Tuesday, August 23, 2011

The Process

"Love is based on the mutuality of the confession of our total self to each other.  This makes us free to declare not only: 'My strength is your strength' but also: 'Your pain is my pain, your weakness is my weakness, your sin is my sin'...When we are ready to throw stones- words can be as sharp as stones- someone just may have the courage to cry out: 'He who is without sin, let him throw the first stone'. - Henri Nouwen

There is grace abundant for the sinner.  But how to receive that without first the acknowledgment that we need it?  And if we see no need for it in ourselves, how can we freely give it?

The fourth step of the program is perhaps the scariest - 'made a searching and fearless moral inventory of ourselves'.  When you go through the steps, you get a sponsor and you write down your fourth step and share it with that sponsor.  You write down everything you have a resentment about.  Everything.  Starting from childhood.  It's like a list of all the people who have ticked you off.  But then you have to look at each resentment individually and figure out what part you played in it.  How you were wrong.

I did this a long time ago.  I try now on a daily basis to make amends quickly and look at my part in things.
But sometimes, I miss stuff.

I've realized quite recently, that I have a major resentment in my life.  It cuts deep.  And I have not forgiven.  And I have not accepted responsibility for my part in it.  I am not free to share the details, nor do I think you would particularly like to know them, but because of my desire to be here, to share, to confess, I mention it.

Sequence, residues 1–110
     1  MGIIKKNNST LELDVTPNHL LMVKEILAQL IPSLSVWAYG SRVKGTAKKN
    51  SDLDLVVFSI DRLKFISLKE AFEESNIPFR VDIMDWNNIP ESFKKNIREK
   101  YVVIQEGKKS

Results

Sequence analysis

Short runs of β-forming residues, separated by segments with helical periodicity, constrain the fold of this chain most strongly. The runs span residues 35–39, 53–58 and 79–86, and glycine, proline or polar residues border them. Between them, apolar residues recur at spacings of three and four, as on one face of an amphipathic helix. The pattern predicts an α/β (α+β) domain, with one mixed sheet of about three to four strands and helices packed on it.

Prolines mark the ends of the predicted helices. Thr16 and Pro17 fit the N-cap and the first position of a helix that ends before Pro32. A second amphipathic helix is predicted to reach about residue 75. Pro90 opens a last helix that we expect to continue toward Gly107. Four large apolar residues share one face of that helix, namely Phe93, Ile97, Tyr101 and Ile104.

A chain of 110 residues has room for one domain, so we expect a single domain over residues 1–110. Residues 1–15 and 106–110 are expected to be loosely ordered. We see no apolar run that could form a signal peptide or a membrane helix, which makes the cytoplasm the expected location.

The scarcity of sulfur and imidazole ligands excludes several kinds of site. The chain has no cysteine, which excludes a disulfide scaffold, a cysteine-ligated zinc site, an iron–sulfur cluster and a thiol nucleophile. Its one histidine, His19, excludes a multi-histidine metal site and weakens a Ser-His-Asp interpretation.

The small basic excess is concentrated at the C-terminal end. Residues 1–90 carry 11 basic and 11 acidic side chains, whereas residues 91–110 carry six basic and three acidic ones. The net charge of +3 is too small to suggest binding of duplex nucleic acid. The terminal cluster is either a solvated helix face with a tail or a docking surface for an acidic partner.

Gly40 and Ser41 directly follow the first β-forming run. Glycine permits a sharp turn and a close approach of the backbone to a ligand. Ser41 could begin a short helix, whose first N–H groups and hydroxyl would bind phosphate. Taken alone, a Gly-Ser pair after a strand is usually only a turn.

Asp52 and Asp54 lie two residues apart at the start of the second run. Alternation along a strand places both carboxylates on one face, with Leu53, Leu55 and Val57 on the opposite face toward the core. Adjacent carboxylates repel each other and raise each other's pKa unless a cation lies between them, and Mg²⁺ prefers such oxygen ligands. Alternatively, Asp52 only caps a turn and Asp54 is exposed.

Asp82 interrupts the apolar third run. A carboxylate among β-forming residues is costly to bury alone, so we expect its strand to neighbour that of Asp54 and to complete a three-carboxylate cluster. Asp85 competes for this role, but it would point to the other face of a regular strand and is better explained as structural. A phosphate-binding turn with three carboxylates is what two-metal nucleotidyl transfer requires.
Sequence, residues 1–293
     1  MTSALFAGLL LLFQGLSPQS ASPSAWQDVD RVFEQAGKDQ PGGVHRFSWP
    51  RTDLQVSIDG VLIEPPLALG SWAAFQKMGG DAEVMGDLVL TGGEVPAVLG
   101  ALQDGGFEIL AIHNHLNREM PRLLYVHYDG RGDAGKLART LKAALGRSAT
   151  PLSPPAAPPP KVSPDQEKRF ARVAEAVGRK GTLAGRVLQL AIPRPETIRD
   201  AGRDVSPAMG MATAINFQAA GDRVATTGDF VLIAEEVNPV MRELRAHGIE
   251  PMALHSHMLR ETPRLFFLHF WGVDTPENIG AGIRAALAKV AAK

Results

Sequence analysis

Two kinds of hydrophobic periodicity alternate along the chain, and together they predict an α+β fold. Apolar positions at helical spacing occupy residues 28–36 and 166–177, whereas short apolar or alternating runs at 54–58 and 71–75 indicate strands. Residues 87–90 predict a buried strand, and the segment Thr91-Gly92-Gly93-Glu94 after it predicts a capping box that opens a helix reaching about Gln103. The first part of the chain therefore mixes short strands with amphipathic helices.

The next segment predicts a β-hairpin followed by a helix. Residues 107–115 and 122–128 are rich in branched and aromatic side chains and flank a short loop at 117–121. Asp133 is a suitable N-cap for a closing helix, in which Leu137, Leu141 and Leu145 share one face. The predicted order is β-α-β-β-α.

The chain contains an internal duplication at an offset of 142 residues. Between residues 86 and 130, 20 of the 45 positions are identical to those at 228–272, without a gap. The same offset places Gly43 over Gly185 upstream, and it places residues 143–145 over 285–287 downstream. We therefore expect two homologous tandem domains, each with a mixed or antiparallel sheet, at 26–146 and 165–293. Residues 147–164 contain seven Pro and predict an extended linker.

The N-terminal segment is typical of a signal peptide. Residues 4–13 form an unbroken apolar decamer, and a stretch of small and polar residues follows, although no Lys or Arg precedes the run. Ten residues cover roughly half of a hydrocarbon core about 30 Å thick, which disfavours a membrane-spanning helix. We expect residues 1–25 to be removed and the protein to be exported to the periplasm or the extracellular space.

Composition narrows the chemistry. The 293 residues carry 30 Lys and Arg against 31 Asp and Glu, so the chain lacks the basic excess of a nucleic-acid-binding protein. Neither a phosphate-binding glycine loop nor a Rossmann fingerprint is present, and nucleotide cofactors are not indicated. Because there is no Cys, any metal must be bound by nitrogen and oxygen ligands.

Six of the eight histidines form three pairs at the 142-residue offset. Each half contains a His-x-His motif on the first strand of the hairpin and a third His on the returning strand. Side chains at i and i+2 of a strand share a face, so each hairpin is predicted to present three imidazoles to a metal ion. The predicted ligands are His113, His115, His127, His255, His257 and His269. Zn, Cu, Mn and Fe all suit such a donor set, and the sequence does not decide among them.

And here's the thing.  I have the head knowledge to know that forgiveness is needed.  I have the sanity to admit to myself that I played a part.  But there's a stronghold that somehow takes me back to a place of insanity when I'm confronted with it.  Emotion too big for the circumstance arises and I lose my head.

"Then they outlined the spiritual answer and program of action which a hundred of them had followed successfully,  Though I had been only a nominal churchman, their proposals were not, intellectually, hard to swallow.  But the program of action, though entirely sensible was pretty drastic.  It meant I would have to throw several lifelong conceptions out of the window.  That was not easy.  But the moment I made up my mind to go through with the process, I had the curious feeling that my...condition was relieved, as in fact it proved to be." - AA "More About Alcoholism"

So, 'first thing's first'.  I need to make up my mind to go (again) through this process.

No comments:

Post a Comment